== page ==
I should make it clear that I’m not asking anybody to embrace a single style. Sometimes stand-and-deliver and intensified continuity editing work very well. Directors will always seek specific solutions to the problems of a scene. But I don’t see much variety in the solutions many people now pursue. I don’t see evidence that most young filmmakers around the world are aware that traditions furnish lots of alternatives.

In earlier periods, some directors were as editing-oriented as today’s mainstream ones, while other directors adopted more staging-driven approaches. But either sort had a broader palette than what we see today. Any accomplished director could stage a conversation in a variety of ways. Just to take Demy, some scenes in Lola are handled in full shots like the one highlighting Roland in the café. Other scenes are broken up into tight singles, and still others are treated in two-shots.

All the classical films I’ve mentioned are pluralistic in their technical choices. Today, though, we see more uniformity, or rather conformity.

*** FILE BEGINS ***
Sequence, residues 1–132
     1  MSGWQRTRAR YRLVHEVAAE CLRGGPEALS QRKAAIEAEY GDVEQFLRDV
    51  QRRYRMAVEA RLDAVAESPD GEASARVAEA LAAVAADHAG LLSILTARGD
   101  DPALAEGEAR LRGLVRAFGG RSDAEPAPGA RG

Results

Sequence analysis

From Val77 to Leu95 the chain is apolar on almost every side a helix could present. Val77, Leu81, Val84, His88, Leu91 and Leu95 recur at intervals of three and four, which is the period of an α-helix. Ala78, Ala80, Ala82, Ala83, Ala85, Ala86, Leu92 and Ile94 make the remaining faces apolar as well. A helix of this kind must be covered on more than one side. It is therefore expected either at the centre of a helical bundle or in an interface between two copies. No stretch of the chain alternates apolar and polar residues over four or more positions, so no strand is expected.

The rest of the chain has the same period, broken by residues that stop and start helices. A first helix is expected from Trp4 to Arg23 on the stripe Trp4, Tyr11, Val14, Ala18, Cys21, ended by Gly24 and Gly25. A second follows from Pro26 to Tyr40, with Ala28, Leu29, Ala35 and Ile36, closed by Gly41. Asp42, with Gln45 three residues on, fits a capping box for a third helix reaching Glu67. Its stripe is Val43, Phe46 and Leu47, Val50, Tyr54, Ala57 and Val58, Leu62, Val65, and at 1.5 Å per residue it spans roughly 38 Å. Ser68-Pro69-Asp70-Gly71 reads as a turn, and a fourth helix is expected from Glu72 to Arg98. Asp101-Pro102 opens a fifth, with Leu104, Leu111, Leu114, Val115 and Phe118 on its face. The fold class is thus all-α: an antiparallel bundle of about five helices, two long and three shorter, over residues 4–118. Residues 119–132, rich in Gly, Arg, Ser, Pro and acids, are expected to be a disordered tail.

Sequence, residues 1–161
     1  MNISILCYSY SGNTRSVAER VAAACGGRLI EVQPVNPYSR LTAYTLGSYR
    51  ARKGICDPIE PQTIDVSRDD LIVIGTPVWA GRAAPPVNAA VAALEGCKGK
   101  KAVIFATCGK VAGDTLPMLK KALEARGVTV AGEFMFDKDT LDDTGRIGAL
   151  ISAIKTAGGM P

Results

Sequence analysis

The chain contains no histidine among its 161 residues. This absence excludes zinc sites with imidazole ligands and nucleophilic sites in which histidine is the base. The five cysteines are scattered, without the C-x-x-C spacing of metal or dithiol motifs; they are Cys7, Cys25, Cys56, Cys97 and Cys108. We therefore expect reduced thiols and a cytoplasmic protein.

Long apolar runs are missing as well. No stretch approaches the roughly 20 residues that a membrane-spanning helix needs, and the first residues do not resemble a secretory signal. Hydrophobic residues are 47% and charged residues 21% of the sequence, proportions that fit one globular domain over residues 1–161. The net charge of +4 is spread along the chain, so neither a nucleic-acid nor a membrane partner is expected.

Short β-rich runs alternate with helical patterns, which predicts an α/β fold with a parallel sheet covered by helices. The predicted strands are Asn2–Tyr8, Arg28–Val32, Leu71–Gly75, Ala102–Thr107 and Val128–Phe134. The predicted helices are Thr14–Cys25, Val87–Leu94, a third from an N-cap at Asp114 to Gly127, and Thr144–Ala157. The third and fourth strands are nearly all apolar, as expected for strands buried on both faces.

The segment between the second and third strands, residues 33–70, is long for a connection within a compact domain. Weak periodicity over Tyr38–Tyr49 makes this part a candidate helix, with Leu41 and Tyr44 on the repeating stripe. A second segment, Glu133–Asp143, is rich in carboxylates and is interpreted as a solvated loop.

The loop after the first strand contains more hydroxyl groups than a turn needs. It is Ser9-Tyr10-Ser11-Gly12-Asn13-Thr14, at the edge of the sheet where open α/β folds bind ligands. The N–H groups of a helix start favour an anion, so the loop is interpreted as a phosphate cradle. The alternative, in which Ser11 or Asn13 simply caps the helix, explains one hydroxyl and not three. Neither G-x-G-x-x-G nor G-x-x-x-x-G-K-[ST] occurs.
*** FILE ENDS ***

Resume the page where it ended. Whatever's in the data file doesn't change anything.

Cinephile conversation on the internet is currently rippling around a controversy about “slow cinema.” Whatever that rough category covers, it surely includes those festival films that put the camera in one spot per scene and simply observe. I’d argue that many of these minimalist movies are also AWOL when it comes to staging. After watching a long-take, flatly shot film with me, a Hong Kong filmmaker friend remarked, “This sort of thing is just too easy.” One difference between a solid “slow film” and an empty one, I suspect, lies in the extent to which the filmmakers explore the resources of staging. How do we know? We have to analyze the films. (More on this matter here.) Absent that analysis, critics’ appeals to realism or meditative restfulness or “time flowing through the shot” risk becoming alibis for inert moviemaking.